Changing clinical features of severe odontogenic infections
Abstract number: 1733_966
Seppänen L., Lauhio A., Lindqvist C., Rautemaa-Richardson R.
Objectives: The number of patients requiring hospital care due to odontogenic infection has increased in the Helsinki and Uusimaa Hospital District, Finland. Our aim was to evaluate the clinical features of the patients hospitalised due to an odontogenic infection.
Methods: In this retrospective study two patient cohorts (years 19941996 and 2004) admitted to the Helsinki University Central Hospital due to an odontogenic infection were analysed. This patient series covers all cases of severe odontogenic infections in the region of Helsinki University Central Hospital (1.4 million inhabitants in year 2004). 99 (19941996) and 102 (2004) consecutive patients were included. Age, gender, fever at admission, WBC counts, CRP levels, focus, fascial spaces involved, need for re-operation and length of hospital stay were reviewed.
Results: The incidence of these severe infections increased from 5.3 to 7.2 per 100,000 inhabitants since 1994 to 2004. The two patient cohorts (199496 and 2004) did not differ in age (mean 40 and 43 years, respectively), gender (60.6% and 63.7% males, respectively), WBC count on admission (mean 12.4 and 12.5×103/mL, respectively), focus (mandibular molar 76.8% and 81.4%, respectively) or fascial spaces (submandibular space involvement 46.5% and 49.0%, respectively). However, the proportion of patients with WBC greater than 11×103/mL (49.5% and 53.9%, respectively) and CRP levels greater than 90 mg/L (36.3% and 54.9%, respectively), CRP level on admission (mean 89.2 and 112.0 mg/L, respectively) and maximal CRP levels (mean 93.4 and 153.7 mg/L, respectively), fever on admission (37.4% and 43.1%, respectively), need for re-operation (8% and 16.7%, respectively) and intensive care (18.2% and 31.4%, respectively) were markedly higher in 2004. In addition, the proportion of patients with mental disorders, cardiovascular diseases and diabetes had also increased.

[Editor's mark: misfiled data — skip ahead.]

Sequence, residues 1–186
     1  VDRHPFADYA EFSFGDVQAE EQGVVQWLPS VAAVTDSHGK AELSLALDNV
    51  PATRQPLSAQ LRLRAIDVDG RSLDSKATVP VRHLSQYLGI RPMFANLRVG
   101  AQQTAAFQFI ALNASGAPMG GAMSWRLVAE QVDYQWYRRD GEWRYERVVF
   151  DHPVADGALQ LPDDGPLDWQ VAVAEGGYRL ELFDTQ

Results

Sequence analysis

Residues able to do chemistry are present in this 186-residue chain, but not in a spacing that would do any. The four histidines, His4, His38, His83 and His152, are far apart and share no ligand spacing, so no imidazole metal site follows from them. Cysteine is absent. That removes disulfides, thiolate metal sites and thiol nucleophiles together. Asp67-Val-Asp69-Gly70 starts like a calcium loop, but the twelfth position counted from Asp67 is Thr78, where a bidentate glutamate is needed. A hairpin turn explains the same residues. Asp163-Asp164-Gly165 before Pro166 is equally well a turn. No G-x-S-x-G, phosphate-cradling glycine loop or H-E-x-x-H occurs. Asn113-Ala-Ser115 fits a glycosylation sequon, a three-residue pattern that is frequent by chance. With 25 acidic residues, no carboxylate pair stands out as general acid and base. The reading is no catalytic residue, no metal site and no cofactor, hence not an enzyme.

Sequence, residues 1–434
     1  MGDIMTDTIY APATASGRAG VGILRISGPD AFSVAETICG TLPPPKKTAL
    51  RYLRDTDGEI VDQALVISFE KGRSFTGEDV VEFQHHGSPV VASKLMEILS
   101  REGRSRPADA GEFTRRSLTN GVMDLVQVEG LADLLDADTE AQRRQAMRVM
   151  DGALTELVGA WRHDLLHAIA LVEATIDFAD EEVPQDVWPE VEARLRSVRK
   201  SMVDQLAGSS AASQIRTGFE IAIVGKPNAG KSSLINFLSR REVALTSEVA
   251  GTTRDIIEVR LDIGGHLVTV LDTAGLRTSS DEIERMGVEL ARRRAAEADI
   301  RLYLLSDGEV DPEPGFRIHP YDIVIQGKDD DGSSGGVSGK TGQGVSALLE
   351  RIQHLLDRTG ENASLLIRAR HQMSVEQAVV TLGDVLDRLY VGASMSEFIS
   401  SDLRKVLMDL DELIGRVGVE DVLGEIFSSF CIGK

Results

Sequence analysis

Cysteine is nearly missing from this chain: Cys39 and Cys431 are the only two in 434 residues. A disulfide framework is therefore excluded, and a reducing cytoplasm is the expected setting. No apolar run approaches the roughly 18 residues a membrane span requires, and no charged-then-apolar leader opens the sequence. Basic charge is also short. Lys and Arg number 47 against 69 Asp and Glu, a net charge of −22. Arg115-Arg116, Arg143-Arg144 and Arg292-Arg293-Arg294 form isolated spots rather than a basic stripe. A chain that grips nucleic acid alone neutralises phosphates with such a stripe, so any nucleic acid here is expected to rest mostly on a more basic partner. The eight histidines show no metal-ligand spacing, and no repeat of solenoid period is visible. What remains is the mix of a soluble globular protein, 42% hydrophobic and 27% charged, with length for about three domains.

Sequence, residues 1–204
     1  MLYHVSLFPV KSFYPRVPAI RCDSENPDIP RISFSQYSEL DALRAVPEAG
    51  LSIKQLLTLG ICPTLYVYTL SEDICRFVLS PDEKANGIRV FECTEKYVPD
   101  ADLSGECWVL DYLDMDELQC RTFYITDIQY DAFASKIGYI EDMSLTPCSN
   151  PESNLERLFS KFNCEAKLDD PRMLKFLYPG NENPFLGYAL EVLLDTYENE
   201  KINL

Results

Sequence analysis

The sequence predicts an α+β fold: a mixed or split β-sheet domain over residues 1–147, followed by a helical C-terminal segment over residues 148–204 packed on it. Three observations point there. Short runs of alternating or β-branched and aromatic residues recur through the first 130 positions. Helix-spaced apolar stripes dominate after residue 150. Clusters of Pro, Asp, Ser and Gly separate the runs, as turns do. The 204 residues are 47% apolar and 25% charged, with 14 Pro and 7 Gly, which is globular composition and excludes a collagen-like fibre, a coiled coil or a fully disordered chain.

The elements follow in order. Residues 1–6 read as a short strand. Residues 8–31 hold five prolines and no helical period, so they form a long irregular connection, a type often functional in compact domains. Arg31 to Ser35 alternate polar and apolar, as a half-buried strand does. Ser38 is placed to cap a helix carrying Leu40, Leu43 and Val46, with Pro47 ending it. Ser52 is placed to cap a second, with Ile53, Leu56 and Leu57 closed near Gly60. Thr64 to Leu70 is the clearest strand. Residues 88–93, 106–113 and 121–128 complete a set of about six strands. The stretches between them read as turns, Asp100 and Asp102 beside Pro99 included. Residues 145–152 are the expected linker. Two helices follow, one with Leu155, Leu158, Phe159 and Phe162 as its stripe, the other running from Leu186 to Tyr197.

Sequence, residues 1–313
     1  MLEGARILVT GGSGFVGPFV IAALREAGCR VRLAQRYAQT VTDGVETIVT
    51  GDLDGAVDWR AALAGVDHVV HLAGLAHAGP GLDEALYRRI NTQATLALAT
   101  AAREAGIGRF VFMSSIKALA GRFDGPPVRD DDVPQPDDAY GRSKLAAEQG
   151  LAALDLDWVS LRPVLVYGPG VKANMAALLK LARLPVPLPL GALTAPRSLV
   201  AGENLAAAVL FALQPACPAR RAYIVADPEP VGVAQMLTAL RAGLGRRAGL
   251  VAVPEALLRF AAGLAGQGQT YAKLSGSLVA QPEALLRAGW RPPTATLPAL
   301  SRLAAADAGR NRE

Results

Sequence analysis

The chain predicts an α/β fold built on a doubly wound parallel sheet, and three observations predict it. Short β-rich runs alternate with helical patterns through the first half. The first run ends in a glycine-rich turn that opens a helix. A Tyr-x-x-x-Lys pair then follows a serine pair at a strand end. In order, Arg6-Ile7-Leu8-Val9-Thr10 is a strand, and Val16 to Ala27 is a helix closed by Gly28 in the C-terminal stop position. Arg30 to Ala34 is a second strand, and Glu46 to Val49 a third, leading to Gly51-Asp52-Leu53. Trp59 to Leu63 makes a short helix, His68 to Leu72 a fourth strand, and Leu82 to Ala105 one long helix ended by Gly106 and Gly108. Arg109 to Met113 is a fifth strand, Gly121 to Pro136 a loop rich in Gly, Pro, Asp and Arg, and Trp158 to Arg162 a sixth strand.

Conclusion: This study shows that in the Hospital District of Helsinki and Uusimaa odontogenic infections require hospital care more often although the admission criteria have not changed. The increase in the need for intensive care implicates that the infections have become potentially more severe. The incidence of underlying systemic diseases has also increased.
|Session name:||European Society of Clinical Microbiology and Infectious Diseases|
|Location:||ICC, Munich, Germany|
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